Now they got the stadium at Beşiktaş.
Whoever they is.
It sat right below our window on the hill near Taksim Square, during our visit.
Turkey is one of the most fantastic (in the Orhan Pamuk sense) places in the world.
I’m glad we got there in 2012, just before all hell broke loose.
Of course, that goes for a lot of places these days. We have seen familiar streets, places we have recently walked, get blown up by nihilists of one persuasion or another. Boston. London. Paris. Nice. Istanbul. The world we knew. The world where people still try to live.
The sun comes up over Asia, lights up the Bosporus, shines on Beşiktaş Stadium and our hotel, diligently guarded.
The window from which this photo was taken had a little round arrow, pointing south and east, toward Mecca, so tourists could say their prayers.
Sitting at my laptop in the mornings, I prayed for people, for cities, for the collective impulse for life that made the streets throb with life, the pungent odors of coffee and kebabs, in all directions off Taksim Square.
Now somebody has blown up police officers, there to guard humanity, that is to say, us – to keep fans from rioting, from hurting the innocent. Now blown up.
We walked past that stadium every day, downhill, toward the tram that glided to a terrific art museum, to ferries to Uskadar – Asia! – to mosques and cafés and bazaars, the staples of life.
Even football is part of life, with its rivalries, its ballet and speed and power and fakery and thuggery.
Somebody got Beşiktaş. Struck life itself.
Welcome to World Cup 2022, the most absurd thing that the routinely absurd world of sports has ever produced.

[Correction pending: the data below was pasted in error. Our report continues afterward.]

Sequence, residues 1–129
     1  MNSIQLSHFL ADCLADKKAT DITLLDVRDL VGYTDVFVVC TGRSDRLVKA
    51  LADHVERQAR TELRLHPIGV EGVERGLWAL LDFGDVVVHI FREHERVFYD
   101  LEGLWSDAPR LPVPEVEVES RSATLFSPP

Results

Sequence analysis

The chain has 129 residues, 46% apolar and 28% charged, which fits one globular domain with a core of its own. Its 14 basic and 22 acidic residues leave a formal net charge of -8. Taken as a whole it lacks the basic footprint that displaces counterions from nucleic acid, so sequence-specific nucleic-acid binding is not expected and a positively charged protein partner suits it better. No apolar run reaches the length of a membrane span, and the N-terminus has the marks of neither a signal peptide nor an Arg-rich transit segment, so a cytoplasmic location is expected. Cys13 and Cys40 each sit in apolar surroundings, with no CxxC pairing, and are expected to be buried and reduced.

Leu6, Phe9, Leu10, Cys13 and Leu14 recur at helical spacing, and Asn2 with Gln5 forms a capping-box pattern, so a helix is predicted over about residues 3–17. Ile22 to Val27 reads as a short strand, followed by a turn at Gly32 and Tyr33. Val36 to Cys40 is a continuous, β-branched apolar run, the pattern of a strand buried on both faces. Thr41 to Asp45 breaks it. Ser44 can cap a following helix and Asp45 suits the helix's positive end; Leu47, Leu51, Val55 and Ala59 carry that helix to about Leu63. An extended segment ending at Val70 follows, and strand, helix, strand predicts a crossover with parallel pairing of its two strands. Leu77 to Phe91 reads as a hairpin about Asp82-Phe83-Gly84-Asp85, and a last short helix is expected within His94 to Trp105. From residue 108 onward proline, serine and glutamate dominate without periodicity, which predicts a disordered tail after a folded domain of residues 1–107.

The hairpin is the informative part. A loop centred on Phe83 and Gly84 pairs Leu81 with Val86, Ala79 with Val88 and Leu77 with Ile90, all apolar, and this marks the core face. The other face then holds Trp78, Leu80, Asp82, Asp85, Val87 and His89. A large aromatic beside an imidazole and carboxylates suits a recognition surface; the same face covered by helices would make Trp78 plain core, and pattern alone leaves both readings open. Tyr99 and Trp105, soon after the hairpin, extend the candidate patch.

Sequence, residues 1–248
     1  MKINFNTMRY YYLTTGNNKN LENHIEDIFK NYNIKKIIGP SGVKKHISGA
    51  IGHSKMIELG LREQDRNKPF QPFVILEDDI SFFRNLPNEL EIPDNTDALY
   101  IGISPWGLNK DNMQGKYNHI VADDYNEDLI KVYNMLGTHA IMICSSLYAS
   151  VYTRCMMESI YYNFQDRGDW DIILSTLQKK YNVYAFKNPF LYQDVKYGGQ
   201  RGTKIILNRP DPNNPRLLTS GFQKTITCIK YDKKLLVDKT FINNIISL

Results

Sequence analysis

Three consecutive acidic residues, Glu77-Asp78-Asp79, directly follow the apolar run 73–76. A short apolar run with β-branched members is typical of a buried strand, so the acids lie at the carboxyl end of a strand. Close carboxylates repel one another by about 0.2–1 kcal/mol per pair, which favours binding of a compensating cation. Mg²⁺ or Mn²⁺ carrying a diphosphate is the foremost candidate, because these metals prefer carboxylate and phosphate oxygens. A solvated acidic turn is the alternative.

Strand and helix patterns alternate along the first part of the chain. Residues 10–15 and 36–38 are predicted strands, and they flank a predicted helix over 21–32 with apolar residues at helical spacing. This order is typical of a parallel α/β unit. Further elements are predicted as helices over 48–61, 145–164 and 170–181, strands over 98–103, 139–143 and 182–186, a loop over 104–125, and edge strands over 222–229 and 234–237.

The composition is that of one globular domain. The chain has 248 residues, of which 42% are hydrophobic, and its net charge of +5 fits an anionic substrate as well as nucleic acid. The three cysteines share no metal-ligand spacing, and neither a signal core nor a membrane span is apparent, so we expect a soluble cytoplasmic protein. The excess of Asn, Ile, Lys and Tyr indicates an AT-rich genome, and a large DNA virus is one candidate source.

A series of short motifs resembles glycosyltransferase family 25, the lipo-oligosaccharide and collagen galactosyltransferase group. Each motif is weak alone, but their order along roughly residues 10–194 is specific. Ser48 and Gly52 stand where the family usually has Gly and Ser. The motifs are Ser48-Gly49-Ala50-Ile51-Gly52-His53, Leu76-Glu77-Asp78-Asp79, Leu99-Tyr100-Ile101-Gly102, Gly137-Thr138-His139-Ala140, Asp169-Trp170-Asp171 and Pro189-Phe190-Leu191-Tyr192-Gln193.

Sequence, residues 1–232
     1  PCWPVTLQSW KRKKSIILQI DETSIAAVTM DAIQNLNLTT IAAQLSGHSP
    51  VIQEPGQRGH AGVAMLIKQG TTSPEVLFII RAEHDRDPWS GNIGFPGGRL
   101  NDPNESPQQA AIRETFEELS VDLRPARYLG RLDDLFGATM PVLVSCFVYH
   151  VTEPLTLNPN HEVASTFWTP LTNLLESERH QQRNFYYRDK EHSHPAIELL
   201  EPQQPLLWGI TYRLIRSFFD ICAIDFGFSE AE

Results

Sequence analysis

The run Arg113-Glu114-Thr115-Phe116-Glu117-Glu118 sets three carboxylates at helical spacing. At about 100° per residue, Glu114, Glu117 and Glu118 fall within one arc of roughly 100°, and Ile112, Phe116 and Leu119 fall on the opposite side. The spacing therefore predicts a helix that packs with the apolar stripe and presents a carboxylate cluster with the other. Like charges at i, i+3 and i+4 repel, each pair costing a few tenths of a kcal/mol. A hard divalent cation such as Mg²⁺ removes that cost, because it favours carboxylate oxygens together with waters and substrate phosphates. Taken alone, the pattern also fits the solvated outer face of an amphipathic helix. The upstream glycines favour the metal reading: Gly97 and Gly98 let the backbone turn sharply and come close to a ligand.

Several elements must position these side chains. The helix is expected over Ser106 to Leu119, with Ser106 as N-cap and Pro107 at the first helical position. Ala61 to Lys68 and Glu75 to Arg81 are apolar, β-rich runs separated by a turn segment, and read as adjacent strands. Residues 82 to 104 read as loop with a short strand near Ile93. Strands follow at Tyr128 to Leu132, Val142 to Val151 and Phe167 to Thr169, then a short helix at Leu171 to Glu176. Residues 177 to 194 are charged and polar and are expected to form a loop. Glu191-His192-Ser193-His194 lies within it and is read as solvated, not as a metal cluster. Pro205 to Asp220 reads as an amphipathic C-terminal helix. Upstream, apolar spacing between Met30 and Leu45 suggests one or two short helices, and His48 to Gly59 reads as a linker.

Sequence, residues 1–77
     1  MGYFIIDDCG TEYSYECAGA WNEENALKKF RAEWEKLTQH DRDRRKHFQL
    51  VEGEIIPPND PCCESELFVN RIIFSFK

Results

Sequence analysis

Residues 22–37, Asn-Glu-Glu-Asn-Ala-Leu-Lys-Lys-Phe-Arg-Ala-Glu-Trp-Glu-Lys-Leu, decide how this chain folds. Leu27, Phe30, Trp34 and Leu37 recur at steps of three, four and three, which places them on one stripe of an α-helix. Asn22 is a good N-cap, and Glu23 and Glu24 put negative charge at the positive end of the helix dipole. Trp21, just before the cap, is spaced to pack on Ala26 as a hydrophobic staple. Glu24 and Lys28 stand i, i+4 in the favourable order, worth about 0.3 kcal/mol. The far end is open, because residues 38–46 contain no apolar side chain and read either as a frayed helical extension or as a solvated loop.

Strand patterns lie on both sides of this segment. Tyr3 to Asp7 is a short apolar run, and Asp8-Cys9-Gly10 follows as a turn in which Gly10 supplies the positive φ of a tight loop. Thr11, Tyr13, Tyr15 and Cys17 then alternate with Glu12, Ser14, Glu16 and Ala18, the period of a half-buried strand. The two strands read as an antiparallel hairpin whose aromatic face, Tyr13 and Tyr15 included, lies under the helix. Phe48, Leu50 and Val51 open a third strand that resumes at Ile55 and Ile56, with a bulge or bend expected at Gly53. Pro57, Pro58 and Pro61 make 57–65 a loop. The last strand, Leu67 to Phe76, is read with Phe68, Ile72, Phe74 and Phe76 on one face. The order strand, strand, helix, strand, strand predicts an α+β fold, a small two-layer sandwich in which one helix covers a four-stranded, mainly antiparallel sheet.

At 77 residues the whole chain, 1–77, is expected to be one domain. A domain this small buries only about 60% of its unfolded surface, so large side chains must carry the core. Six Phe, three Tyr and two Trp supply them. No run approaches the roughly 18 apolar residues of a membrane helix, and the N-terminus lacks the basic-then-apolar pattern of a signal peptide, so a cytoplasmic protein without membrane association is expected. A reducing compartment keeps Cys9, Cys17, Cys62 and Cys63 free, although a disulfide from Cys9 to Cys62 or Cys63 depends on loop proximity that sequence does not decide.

Those extreme descriptions were what virtually the entire world, save for those who had walked off with bags of cash from Qatar, called the awarding of soccer’s greatest event to the incredibly tiny, incredibly wealthy country back in 2010.
Twelve years ago, many were convinced this event couldn’t possibly happen: staging the world’s biggest sporting event in a country the size of Connecticut, one with zero soccer culture and even less soccer infrastructure? The tournament couldn’t possibly take place in 120-degree heat, and FIFA, the governing body of soccer, most certainly wouldn’t upend football leagues around the world to change the traditional summer schedule, could it?
And, for God’s sake, what about the beer?
Those were just the logistical concerns. The moral concerns are far more distressing. FIFA, so busy paying lip service to equality, couldn’t possibly expect the world to embrace a country where you could go to prison for being gay, where women’s rights are severely curtailed and female victims of sexual assault could go to prison, charged with engaging in extramarital sex. And all those questions came before the global realization that the World Cup was being built on the backs of migrant labor: modern-day slaves held in Qatar with virtually no rights, low wages and no ability to leave. Migrants make up 90% of Qatar’s stated population of 3 million. The country’s native-born equal about 300,000, or roughly the size of Anaheim.
---Ann Killion, columnist for The San Francisco Chronicle.